onerainmaker
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Oct 2012
Stockport, UK
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Quote:
Originally Posted by paulster2626 View Post
Also more helpful than typing *insert techie name here* is an actual description of the taste. Like "banana", or "buttery", or "weird plasticy taste". If you described it you'd get way more specific advice.
I realised after pressing submit that I may be in for a flaming! I thought it might be a fairly common tang, as I've tasted it in other homebrews - I've tried to explain a bit in the previous post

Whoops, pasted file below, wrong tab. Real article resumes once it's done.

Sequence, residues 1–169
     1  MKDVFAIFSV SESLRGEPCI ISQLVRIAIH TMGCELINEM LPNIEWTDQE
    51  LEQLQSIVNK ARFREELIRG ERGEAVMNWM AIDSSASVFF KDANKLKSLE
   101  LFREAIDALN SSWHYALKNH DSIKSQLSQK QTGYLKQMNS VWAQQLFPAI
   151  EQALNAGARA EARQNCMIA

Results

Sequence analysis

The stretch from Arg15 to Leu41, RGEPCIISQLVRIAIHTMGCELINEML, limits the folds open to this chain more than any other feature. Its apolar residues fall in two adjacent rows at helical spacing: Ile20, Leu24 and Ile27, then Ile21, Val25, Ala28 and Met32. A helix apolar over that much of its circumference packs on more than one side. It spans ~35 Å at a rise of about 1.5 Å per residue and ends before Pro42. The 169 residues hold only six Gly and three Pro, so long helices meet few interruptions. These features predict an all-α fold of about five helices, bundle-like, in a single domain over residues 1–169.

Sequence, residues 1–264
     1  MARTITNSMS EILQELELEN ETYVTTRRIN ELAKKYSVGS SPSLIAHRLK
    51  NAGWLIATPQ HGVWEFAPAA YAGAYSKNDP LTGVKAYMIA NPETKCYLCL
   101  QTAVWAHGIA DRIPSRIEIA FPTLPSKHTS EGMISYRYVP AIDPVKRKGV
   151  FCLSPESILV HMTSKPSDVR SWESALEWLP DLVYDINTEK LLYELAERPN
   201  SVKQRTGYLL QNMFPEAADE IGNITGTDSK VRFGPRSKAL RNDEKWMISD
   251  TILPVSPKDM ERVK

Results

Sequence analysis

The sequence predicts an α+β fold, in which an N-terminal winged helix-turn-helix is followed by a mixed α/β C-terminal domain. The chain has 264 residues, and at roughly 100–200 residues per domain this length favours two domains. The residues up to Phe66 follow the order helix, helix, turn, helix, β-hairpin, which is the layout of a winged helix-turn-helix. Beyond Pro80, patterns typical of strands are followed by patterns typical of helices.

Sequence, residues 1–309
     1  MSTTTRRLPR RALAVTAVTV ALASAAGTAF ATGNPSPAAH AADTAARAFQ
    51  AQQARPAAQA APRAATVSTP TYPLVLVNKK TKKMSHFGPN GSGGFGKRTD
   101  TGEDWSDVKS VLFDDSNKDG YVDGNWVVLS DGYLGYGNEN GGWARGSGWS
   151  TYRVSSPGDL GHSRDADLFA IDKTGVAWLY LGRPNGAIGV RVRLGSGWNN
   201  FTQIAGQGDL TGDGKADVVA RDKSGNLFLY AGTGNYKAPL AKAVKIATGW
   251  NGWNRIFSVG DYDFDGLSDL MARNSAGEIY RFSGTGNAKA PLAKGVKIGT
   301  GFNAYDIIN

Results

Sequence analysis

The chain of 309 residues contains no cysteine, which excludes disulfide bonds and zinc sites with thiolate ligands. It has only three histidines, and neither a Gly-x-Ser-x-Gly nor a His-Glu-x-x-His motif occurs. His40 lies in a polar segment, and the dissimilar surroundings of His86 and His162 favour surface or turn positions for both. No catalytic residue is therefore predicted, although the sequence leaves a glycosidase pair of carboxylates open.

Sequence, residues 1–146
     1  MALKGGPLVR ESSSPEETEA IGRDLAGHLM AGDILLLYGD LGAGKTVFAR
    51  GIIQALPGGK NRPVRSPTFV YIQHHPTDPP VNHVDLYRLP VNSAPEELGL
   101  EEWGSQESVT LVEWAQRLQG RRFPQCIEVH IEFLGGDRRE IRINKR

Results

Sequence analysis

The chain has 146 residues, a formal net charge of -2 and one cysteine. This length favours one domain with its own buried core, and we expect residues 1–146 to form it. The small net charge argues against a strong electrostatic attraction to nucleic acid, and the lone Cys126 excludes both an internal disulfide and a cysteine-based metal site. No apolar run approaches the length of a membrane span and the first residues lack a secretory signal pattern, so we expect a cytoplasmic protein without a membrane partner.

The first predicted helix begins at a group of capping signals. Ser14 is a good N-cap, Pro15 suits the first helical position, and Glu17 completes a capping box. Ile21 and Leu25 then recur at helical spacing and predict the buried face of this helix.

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Old 11-13-2012, 01:42 PM   #9
whoaru99
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Oct 2012
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Tang....you mean hop bitternes?
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Old 11-13-2012, 01:43 PM   #10
paulster2626
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Aug 2011
Ontario, Canada
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Let it mature of course, but also I've found that those unexplainable weird tastes are most likely not-so-fresh extract. Instead of buying a kit, try first:
a) Finding a busy homebrew shop with lots of customers.
b) Using off-the-shelf extracts, yeasts, and ingredients to mimic the kit you're interested in making.

You're shooting for fresher extract. It'll make a difference. Check out the recipe section for some 5-star extract recipes and try that. Then come back and let us know how it went.